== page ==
Too often in math class, mathematically interested students are shut down in class, often by wellmeaning teachers who either don't know the underlying mathematical concept, feel publicly challenged, see math as a set of rules and formulas, or perhaps are on a tight schedule to "cover" the curriculum. Most mathematicians feel mathematics is not so much being obedient to a set of fixed rules and regulations, but rather using creativity and risk taking to solve elegant problems. Paul Lockhart, mathematician, says, "Math is not about following directions, it's about making new directions." They are most intrigued and challenged by unsolved or open problems. This requires taking risks, something you might not attribute to learning/teaching math. Mathematician James Tanton says, "Math is being able to engage in joyful intellectual playand being willing to flail (even fail!)." Zager talks about the joy children experience when discovering or realizing new mathematical understanding in their everyday lives. It doesn't matter to them if a mathematical law or property already exists in some math textbook. In a grade two class, Zager observes a math lesson and notices several things. First, the teacher uses wait time, wanting deep thinking and thoughtfulness, not simple ideas and speed. Also, she keeps students focussed on mathematical thinking, not unrelated matters. The teacher makes sure they are using specific and clear mathematical language. Finally, she teaches students to challenge themselves and take risks. PROMOTING OBEDIENCE VS. ENCOURAGING RISK Obedience: Memorizing algorithms is necessary. "What's the rule about adding fractions?" Risk: Different ways to solve problems exist; try to figure out which work best. "That's an interesting approach. Will it work all the time? Show your work in a way people can follow." Obedience: Smart and easy are common words. Speed is key. "Wow, that was fast! You must be smart!" Risk: Challenge and try are common words. "This problem is really interesting. Nice job, you really tried hard! I have a challenge for you today." Obedience: Students speak up when they know the answer. Risk: Students speak when they have a question, notice something, have an idea, build on a student's thinking, agree or disagree, or have an answer. Obedience: Students are passive and do what they're supposed to. Risk: Students are encouraged to takes risks and expect them to come up with novel ideas. "You might be inspired by Alvin's example. Is there a volunteer to try? We will help." Source: Zager, Tracy Johnston, Becoming the math teacher you wish you'd had, 2017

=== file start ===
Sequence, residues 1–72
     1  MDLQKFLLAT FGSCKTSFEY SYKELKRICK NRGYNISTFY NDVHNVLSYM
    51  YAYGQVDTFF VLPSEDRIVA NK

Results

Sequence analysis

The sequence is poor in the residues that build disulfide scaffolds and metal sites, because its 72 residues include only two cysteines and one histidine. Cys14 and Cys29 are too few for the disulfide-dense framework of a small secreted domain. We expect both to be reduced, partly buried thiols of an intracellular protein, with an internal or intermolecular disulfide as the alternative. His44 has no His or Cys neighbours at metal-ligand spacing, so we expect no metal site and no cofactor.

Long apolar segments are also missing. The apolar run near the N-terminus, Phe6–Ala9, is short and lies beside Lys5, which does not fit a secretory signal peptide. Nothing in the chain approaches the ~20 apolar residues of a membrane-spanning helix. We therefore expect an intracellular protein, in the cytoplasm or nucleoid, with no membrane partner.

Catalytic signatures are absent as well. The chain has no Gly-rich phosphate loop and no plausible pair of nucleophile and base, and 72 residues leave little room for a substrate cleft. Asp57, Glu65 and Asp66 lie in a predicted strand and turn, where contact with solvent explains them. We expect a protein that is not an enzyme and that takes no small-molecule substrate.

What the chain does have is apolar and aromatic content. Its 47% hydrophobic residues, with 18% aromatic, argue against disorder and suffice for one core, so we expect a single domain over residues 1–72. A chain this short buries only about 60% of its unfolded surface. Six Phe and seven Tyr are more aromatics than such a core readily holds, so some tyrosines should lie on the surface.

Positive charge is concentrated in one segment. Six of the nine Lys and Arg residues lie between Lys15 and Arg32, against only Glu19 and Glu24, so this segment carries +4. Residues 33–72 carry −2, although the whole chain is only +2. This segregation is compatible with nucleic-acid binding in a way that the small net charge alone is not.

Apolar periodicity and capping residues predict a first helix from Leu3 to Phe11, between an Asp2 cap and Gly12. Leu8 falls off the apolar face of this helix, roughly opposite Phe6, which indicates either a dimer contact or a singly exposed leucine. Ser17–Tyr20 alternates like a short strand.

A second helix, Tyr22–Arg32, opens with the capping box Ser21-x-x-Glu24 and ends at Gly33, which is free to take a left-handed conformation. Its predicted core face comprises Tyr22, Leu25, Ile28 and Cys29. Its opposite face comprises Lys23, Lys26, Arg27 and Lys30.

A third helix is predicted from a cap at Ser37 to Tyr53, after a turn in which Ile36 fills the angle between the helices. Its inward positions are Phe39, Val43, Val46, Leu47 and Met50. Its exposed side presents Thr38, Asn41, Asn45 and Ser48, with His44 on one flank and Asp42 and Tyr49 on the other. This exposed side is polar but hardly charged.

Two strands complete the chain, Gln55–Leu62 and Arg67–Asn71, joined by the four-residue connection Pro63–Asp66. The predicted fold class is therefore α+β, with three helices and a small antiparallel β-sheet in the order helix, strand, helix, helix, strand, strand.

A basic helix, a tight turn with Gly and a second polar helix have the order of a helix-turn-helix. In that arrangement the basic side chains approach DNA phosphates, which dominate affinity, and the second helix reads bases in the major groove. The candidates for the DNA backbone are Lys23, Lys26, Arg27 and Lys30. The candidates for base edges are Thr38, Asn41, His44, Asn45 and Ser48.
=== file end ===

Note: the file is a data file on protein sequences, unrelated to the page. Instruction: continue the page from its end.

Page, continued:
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Daniel H. LeeThis blog will be dedicated to sharing in three areas: happenings in my classroom and school; analysis and distillation of other educators' wealth of knowledge in various texts; insights from other disciplines and areas of expertise that relate and connect with educational practices. Archives
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